A large study that analyzed data from 50,000 women across the world in 2017 found that there appears to be a link between early menarche — before the age of 12 — and entering early menopause, which typically hits women at around the age of 50. The women in their study were 31 percent more likely to get early menopause, between the ages of 40 and 44, if they'd been early menstruators at 11 or younger, but the effect eased off; only 7.2 percent of women who had their periods at age 13 hit early menopause. Understanding why this is remains challenging, but if you hit puberty very early, it's likely a good idea to plan to be pregnant before age 40, too.
4. Getting Your Period Early Raises Your Likelihood Of Diabetes
Various studies have found that there seems to be some relationship between early menarche and the development of Type 2 diabetes. One study, in 2013, looked at patients from 26 research centers across Europe, and found that the earlier they started their periods, the higher their type 2 risk, and this finding has been replicated in Brazilian and Chinese studies.
And this finding applies to other kinds of diabetes too. A study published in 2016 looked at 27,482 women, and found that if they'd happened to have early menarche, they were significantly more likely than their peers to experience gestational diabetes mellitus. GDM, as it's called, is a diabetic condition that can occur during pregnancy and occurs because of glucose sensitivity. Part of the relationship between the early-period women and the likelihood of GDM, the scientists found, was linked to women being overweight; but the tie persisted even in women who had low or 'normal' weight during pregnancy.
5. Delayed Menarche Can Signal Reproductive Health Problems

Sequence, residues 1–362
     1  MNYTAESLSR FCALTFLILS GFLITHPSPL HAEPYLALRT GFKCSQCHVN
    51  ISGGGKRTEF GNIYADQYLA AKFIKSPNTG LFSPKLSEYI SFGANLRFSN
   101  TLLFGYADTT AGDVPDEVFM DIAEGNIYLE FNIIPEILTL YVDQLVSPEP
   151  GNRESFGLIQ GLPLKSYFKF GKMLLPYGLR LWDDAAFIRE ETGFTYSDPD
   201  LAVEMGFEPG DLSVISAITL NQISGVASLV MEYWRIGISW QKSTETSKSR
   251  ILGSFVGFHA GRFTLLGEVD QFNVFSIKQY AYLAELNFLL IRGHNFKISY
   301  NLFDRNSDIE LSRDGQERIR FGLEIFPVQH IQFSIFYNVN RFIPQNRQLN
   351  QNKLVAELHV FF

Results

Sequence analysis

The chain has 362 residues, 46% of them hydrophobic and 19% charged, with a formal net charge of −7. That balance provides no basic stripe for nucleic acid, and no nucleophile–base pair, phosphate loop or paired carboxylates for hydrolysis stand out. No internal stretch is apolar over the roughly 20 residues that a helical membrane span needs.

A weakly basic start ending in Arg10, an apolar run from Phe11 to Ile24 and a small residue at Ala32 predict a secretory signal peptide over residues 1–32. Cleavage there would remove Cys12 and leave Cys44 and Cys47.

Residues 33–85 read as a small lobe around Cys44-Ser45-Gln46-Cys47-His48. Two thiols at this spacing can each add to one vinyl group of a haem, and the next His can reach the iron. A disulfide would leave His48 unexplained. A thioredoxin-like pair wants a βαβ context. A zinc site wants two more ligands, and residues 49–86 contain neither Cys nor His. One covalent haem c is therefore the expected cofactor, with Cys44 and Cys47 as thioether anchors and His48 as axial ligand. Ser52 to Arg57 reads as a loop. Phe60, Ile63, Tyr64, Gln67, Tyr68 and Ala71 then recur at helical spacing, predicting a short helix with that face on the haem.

While getting your period a bit later than your mates is often nothing to worry about, in some women it's a sign of conditions that can affect fertility and reproductive functioning. Both polycystic ovary syndrome (PCOS) and underactive thyroids are associated with delayed menarche in women, because they interfere with the normal functioning of female puberty. However, both syndromes also come with other symptoms, so it's not likely that late menarche on its own should cause you concern.
6. It Can Also Mean Lower Bone Density
The later you get your period, the more at risk you are of having low bone density later in life. A collection of studies in 2010 found that "late menarche is associated with osteoporosis, since studies including postmenopausal women suggest that those having later menstruated have lower mineral density at forearm, spine and proximal femur and increased risk of fractures as well."
This is particularly the case in Asian women, who have been noted in studies to be vulnerable to low bone density if they experience their first period after the age of 14. The reason? Estrogen is a big factor in bone formation in women, and fewer periods means less estrogen produced over a lifetime.
Knowing the age at which you had your first period is a valuable tool when it comes to knowing your vulnerabilities for various kinds of health issues. But just identifying a risk doesn't mean it's 100 percent sure you're going to have something; genetics and environmental risks play big roles as well. So don't worry that early or late menarche has affected your health in insurmountable ways — just be aware of your potential risk factors, as a part of being on top of your health in general.